If you have a fire or water emergency, please call us now at (877) 443-4791

To have the optimal experience while using this site, you will need to update your browser. You may want to try one of the following alternatives:

Fire & Water - Cleanup & Restoration

Electrical Tips To Use In Your Office

8/18/2017 (Permalink)

Consumer electronic products are more
prevalent than ever. Research indicates that
the average household owns more than
twenty-five consumer electronic products.
With all of today’s technology, it can prove
challenging to safely maintain power to all
of our electronic devices. Electrical outlets
are easy to overload and as a result, may
become hazardous. While adding a power strip
or extension cord seems like an easy solution to
a lack of electrical outlets, the wiring in some
buildings often isn’t capable of supporting too
many high-powered electronic appliances.

Older office buildings and homes, in particular,
often suffer from lack of electrical outlets. The
temptation is to simply add a power strip or plug
in an extension cord from across the room. Even
in newer office buildings and homes, it can be all
too easy to overload a single outlet with power-hungry machines such as computers, printers,
scanners and monitors.

When an employee or resident overloads an
electrical outlet, that means more current is
running through the outlet than it can handle.
This causes the outlet to overheat, which may
lead to an electrical fire. According to a 2008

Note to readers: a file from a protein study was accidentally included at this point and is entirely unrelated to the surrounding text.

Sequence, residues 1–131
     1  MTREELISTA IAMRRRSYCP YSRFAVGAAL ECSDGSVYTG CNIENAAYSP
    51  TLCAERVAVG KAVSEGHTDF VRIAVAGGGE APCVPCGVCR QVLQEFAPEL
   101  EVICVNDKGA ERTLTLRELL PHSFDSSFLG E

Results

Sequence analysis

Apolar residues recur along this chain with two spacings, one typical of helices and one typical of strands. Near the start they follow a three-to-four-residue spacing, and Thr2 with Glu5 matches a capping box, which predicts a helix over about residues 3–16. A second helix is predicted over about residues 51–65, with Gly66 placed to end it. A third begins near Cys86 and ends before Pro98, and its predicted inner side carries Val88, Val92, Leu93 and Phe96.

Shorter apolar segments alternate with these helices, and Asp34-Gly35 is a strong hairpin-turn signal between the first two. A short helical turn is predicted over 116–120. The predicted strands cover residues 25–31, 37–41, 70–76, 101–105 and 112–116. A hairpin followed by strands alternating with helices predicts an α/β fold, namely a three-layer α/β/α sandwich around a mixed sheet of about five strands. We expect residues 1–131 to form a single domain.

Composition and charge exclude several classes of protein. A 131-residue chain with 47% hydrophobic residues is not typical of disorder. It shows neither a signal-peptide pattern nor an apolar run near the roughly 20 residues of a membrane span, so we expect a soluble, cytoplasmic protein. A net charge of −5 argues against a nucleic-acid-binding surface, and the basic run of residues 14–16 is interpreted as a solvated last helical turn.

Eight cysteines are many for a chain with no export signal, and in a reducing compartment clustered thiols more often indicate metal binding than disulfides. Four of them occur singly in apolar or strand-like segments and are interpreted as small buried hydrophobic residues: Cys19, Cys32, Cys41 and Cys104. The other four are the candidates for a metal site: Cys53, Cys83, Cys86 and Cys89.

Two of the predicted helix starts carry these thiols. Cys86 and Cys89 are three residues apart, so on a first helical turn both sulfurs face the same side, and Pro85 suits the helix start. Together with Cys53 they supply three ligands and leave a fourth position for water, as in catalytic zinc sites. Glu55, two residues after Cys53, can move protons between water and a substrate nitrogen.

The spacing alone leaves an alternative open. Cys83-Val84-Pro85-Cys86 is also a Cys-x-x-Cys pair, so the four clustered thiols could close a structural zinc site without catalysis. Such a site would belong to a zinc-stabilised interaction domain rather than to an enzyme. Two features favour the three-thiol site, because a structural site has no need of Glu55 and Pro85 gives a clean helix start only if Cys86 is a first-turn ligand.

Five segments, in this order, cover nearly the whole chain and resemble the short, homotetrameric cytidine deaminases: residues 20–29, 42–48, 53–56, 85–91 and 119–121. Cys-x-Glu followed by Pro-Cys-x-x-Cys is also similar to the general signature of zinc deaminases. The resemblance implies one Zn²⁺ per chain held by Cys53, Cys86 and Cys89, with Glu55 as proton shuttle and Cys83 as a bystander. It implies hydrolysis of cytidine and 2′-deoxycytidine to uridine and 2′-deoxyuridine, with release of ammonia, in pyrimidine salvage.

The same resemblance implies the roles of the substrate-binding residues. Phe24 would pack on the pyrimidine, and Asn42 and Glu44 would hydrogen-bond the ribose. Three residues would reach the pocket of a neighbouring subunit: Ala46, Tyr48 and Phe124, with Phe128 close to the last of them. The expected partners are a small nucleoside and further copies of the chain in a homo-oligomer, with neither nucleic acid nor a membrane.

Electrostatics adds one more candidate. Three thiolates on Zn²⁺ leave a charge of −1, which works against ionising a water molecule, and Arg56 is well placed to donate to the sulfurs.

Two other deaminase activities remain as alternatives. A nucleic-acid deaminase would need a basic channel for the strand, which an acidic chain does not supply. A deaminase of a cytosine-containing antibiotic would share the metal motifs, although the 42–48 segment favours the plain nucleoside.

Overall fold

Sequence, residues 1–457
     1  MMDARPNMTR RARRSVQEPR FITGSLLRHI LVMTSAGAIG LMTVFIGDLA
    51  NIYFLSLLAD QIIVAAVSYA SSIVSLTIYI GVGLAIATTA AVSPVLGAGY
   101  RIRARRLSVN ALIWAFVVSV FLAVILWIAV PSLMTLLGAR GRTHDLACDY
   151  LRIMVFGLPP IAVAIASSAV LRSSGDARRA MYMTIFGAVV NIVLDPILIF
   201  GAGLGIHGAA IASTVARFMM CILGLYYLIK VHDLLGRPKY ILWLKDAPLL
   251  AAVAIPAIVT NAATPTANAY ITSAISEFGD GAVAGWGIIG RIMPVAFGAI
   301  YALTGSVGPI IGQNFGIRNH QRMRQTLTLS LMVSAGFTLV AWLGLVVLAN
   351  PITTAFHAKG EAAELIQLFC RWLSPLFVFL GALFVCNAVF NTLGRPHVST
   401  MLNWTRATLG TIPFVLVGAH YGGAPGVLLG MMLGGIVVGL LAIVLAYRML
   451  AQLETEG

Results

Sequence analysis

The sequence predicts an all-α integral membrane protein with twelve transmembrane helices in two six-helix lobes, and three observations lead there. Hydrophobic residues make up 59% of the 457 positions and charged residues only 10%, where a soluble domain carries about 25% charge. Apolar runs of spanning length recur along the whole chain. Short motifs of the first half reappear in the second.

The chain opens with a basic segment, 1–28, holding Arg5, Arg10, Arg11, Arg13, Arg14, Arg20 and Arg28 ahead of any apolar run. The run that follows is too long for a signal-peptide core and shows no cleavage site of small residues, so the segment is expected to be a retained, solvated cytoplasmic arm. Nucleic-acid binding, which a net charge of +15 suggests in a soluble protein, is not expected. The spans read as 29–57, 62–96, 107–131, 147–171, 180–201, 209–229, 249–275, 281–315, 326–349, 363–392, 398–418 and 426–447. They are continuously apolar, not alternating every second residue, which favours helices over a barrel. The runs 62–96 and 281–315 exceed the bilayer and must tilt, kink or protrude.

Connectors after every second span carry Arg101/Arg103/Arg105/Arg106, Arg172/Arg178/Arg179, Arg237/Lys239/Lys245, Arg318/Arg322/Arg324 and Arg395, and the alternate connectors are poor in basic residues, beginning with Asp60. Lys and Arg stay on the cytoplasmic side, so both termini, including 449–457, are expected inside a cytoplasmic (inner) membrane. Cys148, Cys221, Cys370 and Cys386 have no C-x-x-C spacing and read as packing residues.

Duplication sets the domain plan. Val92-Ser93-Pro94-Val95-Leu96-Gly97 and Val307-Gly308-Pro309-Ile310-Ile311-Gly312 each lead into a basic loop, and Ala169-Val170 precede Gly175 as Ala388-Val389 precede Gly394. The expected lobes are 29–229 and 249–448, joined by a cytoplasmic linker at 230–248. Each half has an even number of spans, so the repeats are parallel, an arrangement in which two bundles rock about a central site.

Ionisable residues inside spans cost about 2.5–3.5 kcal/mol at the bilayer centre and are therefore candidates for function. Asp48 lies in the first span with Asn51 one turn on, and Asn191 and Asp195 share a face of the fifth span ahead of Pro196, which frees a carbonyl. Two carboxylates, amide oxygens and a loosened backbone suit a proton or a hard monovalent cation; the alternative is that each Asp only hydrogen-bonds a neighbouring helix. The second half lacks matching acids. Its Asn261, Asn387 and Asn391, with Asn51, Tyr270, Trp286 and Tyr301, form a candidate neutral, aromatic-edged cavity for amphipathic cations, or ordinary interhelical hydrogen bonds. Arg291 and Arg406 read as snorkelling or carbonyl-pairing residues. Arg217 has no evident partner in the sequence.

National Fire Protection Association study,
electrical distribution and lighting equipment
are involved in more than 24,000 home structure
fires per year. These fires resulted in an average of 320 deaths per year and an estimated $700 million in property damage per year.1

If an electrical fire should occur, get safely away
from the fire and call your fire department. If you
choose to use an extinguisher on the fire, never
let the fire get between you and a safe exit, and
never use water to extinguish an electrical fire. The risk of electrical shock is far too great. Class C fire extinguishers use a non-conductive extinguishing agent and should not cause electrical shock.

To help prevent this and other electrical hazards,
refer to the list below (provided by Electrical
Safety Foundation International).


  • If you must use a power strip, use a name brand
    product from a reputable retailer.
    Low-quality or counterfeit power strips
    may contain wiring that isn’t adequate to
    carry the load.
    
  • Place power strips where there is plenty
    of air circulation to disperse the heat.
    
  • Never attempt to plug grounded (three prong)
    cords into an ungrounded (two prong)
    outlet.
    
  • Do not bind, kink or knot electrical cords.

Should you encounter the aftermath of an electrical fire, call SERVPRO to help you get your life to normal again.

Other News

View Recent Posts